Tegucigalpa differs from all other capitals in Central America in two aspects.

Tegus, as locals often simply call their city, lies off the Panamericana, the continent’s main traffic artery, and thus also off the notorious earthquake belt. The Spanish city planners of the colonial era could not realize their principle of the checkerboard with right-angled avenidas and calles here. Rather, like other mining towns, they had to adapt Tegucigalpa, whose Nahuatl name means “mountain of silver,” to the mountainous landscape.
Tegucigalpa’s altitude (990 m above sea level) guarantees a mild, pleasant climate, so that even extended walks through the city do not become a sweaty affair.
The commercial heart of the metropolis beats along Boulevard Morazán, a modern district with stores, administrative buildings and numerous restaurants.
Remnants of colonial architecture, markets and small stores characterize the historic center, whose focal point is the Parque Central with the cathedral, dedicated to Tegucigalpa’s patron saint, Archangel Michael. Its showpiece is the baroque altar inside.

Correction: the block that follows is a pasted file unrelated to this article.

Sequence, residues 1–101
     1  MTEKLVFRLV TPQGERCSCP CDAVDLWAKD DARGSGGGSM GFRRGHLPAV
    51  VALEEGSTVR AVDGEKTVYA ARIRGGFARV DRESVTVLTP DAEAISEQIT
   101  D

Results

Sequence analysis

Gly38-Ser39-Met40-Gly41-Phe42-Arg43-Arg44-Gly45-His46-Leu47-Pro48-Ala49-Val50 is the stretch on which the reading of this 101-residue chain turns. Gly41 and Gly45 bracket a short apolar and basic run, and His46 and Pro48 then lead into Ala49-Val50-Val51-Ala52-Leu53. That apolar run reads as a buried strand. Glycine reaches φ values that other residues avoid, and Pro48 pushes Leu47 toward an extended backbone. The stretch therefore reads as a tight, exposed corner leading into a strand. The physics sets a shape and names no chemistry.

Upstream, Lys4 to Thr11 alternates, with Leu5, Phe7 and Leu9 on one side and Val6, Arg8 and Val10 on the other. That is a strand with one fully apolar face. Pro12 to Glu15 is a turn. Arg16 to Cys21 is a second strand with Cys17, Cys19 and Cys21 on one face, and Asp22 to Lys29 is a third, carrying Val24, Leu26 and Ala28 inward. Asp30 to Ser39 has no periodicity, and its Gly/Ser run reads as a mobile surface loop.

Partly a pedestrian street, the Avenida Barhona is populated by countless street vendors and runs from west to east through the historic center.
Another interesting colonial-era church is the Iglesia de Nuestra Señora de los Dolores, just a few blocks from Parque Central. It is a prime example of a baroque colonial church with altars and paintings of the so-called Mexican school. The buildings surrounding it also date from the 18th century and were once part of the convent complex. Today it houses the “Museo del Hombre Hondureño” dedicated to Hondurans. The “Museo Nacional Villaroy”, formerly the residence of President Don Julio Lozano Diaz, houses a collection on Honduran history.
The most interesting museum in the city, however, is the “Museo para la Identitad Nacional,” whose rooms include an auditorium where visitors can take a virtual trip through the ruins of Copán.
The green lungs of the city are the “Parque de La Leona” and the “Parque de Las Naciones Unidas” with the lookout point called Picacho, which can be recognized from afar by the statue of Christ cast in cement.